JUST IN: Accreditation Body to Begin Training CMMC Auditors (UPDATED)

By Connie Lee

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An accreditation body facilitating implementation of the Pentagon's Cybersecurity Maturity Model Certification version 1.0 has opened up training for third-party auditors, according to an official.

The upcoming cyber requirements are a reflection of the Pentagon's push to protect defense industrial base networks and controlled unclassified information from cyber attacks. The CMMC rules will require contractors to be certified by third-party auditors, which will ensure that companies are adhering to certain standards. As the initiative is phased in, contractors will have to meet different levels of security depending on the work they are performing, with level 1 being the lowest and level 5 the most stringent.

“We are busy doing pathfinders in the DoD. We are getting ready to launch our pilots,” Katie Arrington, chief information security officer in the office of the undersecretary of defense for acquisition and sustainment, said June 24 during a webinar hosted by cybersecurity company PreVeil. “The Accreditation Body opened the door for training registration for [certified third-party assessor organizations] two days ago.” 

The CMMC Accreditation Body was set up to train organizations conducting CMMC compliance assessments on behalf of the Pentagon.

Requests for proposals that include CMMC requirements are still slated to be released in the fall. In May, Arrington said the RFPs will not be released until the department updates the Defense Federal Acquisition Regulation Supplement 252.204-7012, which are the current rules for storing, transmitting and processing defense information.

Corbin Evans, director of regulatory policy at the National Defense Industrial Organization, said in May the Pentagon is changing the DFARS in accordance with the new cybersecurity model. The department has developed a draft rule requiring that new regulations be attached to future contracts, he noted.

Because of COVID-19 safety concerns, the Defense Department has had to change its training plans for assessors. The first class of auditors are now slated to graduate in late July or early August, Arrington said.

“We had a minute that we needed to take and refigure how we did training and assessments,” she said. “The original training was supposed to be on-site. …  A portion was web-based, but for the most part it was in-person and we needed to change that trajectory.”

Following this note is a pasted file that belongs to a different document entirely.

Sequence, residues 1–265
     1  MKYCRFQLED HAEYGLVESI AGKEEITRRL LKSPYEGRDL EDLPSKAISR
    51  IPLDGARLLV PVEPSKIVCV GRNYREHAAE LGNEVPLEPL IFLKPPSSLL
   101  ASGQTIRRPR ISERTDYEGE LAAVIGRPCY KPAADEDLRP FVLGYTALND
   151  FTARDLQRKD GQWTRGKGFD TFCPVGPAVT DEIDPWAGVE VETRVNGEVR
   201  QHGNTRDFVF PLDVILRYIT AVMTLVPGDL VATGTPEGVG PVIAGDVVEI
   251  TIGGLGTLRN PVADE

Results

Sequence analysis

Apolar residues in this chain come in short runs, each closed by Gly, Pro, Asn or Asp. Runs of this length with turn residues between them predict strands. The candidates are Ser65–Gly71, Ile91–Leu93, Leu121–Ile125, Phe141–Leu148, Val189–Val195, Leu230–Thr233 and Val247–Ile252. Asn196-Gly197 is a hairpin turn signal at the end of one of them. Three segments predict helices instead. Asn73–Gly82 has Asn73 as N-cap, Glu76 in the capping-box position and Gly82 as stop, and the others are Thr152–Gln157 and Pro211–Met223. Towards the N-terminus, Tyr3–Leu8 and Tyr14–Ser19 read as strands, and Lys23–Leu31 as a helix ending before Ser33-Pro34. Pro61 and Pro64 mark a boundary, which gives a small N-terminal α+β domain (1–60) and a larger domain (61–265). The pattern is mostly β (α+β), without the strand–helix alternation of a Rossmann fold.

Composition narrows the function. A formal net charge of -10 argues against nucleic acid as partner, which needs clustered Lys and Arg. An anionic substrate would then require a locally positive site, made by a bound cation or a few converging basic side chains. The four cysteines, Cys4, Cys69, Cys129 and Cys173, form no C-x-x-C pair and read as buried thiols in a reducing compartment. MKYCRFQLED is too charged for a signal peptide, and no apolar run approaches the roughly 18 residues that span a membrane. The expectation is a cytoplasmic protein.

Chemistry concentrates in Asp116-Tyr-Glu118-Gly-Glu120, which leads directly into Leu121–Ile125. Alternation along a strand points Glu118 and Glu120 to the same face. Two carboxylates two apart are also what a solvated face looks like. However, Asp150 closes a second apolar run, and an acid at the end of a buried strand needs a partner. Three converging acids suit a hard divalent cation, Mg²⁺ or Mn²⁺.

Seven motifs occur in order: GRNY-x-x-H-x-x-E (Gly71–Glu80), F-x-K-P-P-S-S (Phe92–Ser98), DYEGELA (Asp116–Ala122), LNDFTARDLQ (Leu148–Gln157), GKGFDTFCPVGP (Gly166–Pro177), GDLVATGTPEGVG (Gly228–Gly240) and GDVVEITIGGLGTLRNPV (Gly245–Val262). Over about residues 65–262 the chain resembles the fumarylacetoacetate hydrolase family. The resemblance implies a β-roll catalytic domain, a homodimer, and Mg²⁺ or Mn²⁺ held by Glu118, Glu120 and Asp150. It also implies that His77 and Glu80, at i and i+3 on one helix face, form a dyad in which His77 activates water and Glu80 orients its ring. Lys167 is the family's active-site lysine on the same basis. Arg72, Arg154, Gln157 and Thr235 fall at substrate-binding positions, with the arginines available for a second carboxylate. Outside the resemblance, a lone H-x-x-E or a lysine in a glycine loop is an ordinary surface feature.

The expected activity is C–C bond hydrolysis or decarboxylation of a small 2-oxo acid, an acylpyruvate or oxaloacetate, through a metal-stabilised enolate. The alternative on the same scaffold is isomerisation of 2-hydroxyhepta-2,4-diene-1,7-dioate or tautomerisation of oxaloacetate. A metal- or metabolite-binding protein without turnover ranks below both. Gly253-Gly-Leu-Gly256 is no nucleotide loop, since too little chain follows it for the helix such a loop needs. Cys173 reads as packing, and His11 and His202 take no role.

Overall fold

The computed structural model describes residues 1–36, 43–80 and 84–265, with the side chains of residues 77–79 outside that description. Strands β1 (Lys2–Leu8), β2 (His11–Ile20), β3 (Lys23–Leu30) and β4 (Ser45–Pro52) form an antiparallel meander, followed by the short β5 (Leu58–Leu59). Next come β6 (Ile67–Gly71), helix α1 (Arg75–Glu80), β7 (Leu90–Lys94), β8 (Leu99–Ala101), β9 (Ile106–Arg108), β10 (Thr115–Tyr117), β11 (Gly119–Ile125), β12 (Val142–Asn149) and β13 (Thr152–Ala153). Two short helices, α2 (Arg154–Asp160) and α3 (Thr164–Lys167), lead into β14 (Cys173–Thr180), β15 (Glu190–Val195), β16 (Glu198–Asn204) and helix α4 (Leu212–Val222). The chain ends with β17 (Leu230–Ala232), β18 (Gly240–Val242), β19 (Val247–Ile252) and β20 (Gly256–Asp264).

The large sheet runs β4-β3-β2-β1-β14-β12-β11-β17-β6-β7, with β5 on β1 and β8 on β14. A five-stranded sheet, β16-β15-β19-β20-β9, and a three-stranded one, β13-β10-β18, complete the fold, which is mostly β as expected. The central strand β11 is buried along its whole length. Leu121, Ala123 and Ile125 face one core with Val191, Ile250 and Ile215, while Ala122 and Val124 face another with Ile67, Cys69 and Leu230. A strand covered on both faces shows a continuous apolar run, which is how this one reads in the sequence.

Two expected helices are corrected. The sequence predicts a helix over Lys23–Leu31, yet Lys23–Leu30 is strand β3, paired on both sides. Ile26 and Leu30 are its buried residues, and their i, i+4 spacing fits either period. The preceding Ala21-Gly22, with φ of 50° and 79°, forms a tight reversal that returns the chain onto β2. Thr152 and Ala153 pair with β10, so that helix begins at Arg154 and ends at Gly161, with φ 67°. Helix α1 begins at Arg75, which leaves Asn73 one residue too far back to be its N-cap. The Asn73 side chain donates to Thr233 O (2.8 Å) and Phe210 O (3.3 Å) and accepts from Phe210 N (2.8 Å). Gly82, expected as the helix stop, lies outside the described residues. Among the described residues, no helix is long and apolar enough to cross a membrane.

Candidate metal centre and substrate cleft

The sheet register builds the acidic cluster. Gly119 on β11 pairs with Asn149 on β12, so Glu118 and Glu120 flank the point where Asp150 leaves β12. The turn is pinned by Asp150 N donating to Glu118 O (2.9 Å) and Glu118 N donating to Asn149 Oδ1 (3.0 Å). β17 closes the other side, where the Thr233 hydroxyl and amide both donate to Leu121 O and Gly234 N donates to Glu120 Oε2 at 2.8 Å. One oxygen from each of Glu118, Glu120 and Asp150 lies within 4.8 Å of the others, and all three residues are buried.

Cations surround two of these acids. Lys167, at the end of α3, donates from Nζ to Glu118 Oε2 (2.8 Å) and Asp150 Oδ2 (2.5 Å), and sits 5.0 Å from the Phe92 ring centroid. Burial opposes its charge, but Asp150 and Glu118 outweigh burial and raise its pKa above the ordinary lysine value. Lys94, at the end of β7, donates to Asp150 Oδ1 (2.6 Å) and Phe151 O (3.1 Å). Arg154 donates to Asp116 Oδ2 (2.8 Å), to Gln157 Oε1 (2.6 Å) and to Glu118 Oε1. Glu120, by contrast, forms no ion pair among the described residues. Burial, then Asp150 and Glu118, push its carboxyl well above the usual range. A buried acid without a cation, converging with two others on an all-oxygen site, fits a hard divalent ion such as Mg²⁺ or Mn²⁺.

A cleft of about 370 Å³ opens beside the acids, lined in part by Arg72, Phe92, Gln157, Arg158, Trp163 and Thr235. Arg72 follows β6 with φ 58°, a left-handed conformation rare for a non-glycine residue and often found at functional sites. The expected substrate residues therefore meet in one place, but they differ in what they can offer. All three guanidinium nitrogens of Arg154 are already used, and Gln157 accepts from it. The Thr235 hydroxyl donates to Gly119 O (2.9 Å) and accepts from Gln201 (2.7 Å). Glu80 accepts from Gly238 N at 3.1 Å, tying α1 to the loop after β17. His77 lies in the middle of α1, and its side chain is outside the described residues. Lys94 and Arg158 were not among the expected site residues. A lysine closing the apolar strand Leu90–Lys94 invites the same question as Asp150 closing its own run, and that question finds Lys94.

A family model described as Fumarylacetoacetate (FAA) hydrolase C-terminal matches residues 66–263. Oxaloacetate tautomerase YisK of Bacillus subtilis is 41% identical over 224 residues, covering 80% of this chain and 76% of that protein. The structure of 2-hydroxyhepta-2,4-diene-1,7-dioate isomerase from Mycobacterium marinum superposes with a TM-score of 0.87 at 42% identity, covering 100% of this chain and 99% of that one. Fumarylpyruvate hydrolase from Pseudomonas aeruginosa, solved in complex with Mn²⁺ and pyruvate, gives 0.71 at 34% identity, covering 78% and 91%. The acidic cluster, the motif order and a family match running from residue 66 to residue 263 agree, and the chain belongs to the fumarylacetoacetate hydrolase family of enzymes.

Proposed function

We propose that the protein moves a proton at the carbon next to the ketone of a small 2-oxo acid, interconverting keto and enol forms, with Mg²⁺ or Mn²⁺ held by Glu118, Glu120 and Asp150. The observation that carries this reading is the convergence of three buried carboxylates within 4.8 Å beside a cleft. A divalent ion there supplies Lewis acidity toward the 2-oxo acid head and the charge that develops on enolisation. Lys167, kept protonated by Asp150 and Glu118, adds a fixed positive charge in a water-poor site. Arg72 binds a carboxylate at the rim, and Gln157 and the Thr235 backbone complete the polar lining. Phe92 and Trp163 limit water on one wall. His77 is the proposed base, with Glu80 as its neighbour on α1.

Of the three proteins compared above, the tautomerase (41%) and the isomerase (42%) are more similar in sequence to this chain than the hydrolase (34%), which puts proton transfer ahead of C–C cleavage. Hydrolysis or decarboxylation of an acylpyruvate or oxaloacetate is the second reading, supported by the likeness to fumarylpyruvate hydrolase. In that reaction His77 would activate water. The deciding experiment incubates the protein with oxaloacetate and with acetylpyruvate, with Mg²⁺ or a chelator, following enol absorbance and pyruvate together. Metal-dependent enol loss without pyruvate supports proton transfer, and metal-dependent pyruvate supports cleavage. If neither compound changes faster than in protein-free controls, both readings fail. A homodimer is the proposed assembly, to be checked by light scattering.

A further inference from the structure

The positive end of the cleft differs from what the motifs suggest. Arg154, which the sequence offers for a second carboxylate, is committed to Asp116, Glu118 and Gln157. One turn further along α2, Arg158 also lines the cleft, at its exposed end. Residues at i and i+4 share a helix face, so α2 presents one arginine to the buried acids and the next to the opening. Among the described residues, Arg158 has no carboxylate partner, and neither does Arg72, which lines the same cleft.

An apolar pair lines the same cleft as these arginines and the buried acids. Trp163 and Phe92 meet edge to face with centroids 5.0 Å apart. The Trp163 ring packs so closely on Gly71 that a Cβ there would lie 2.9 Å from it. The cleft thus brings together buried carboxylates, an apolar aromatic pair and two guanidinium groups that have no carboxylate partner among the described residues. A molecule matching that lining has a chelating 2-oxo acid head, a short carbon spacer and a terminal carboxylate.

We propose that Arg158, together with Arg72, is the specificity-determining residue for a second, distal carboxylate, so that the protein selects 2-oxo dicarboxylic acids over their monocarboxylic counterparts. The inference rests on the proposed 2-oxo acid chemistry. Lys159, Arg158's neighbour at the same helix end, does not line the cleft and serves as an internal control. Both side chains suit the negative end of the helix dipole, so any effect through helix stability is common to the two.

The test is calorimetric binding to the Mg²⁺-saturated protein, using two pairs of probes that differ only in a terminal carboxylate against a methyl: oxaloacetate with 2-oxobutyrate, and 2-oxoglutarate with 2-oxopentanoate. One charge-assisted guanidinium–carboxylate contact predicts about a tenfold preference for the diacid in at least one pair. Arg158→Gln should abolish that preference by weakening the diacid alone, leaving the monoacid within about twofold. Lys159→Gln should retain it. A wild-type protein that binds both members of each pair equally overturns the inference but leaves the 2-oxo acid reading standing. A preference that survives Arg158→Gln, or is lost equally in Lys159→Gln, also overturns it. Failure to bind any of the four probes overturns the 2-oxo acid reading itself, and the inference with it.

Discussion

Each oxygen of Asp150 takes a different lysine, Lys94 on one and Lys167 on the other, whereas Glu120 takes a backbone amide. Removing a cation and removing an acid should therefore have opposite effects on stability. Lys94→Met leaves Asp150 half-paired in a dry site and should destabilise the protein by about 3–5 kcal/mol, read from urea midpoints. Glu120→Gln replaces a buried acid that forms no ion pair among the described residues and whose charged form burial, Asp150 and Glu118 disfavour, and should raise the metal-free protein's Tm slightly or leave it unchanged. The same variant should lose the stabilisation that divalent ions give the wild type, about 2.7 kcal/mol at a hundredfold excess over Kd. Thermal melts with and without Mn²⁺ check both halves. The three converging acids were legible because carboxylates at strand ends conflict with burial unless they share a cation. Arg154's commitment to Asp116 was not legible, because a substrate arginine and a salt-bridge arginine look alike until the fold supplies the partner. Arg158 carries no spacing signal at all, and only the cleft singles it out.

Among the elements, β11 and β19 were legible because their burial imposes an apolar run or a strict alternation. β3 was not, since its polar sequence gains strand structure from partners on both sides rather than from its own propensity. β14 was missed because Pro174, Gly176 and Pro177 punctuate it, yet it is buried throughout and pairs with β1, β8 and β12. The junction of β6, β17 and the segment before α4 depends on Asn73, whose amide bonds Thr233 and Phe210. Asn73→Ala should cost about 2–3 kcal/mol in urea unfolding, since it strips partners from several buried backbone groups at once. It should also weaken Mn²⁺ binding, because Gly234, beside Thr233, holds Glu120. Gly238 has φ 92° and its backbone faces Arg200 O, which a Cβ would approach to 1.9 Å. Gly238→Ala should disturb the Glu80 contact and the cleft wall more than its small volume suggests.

The new cybersecurity model will apply to elements of academia working with the Defense Department as well, she noted. However, the rules will only be imposed on specific academic programs partnering with the Pentagon, not necessarily entire institutions, she said.

“The CMMC will apply to universities and research institutions. We’ll roll it out the same way we’re rolling out the CMMC with the DoD,” she said. “Teaching [students] cyber hygiene has been a passion of mine."

Update: This story has been updated to clarify that the CMMC Accreditation Body is conducting the training of third-party auditors for the Defense Department's CMMC initiative.

Topics: Defense Department

Comments (2)

Re: Pentagon to Begin Training ThirdParty CMMC Auditors

No, the DoD did not open registration and no the Pentagon will not be doing any CMMC training. The CMMC AB opened registration and they will be responsible for the training.

Wayne Boline at 4:17 PM
Re: Pentagon to Begin Training ThirdParty CMMC Auditors

Comment - Erik Lenderman | Today, technology continues to grow and develop as computer processing chips and integrated circuits accelerate data sharing among professional services providers and consumers. More recently, computer hardware has grown in capability, and software providers have expanded their platforms. However, security remains one of the sector's continued challenges. Therefore, FedRAMP, NIST, and CMMC requirements have adopted revised standards, but ensuring effective hardware and software security remains a challenge. This has been evidenced by continued system vulnerabilities in the private and public sector. To provide one example, many have raised concerns related to Federal, State, and Municipal election system software platforms. These systems may not be effectively monitored and may lack sufficient security to ensure there is no foreign interference within the U.S.'s election systems. There must be, according to many, a more effective means by which to ensure robust security. Although the Federal Government provides extensive capabilities within their Agencies, State and Local governments require additional cybersecurity infrastructure. The substantial funding provided to Defense and Security Agencies should ensure that citizens situated within or near critical infrastructure networks are able to reach Cybersecurity directorates to request assistance with verifying the security status of their perimeter. However, there remains a continued gap between Federal Agencies, State, and private sector requirements. Private sector, public sector, and congressional leaders require a means by which to verify the nation's systems and their personal systems are secured. This could be accomplished through promoting collaboration between the Federal Government, Internet Service Providers (ISPs), and the consumers of ISP services. This trend may grow with time and could certainly assist with promoting a more effective security policy throughout the United States. - Erik Lenderman

Erik Lenderman at 4:40 PM
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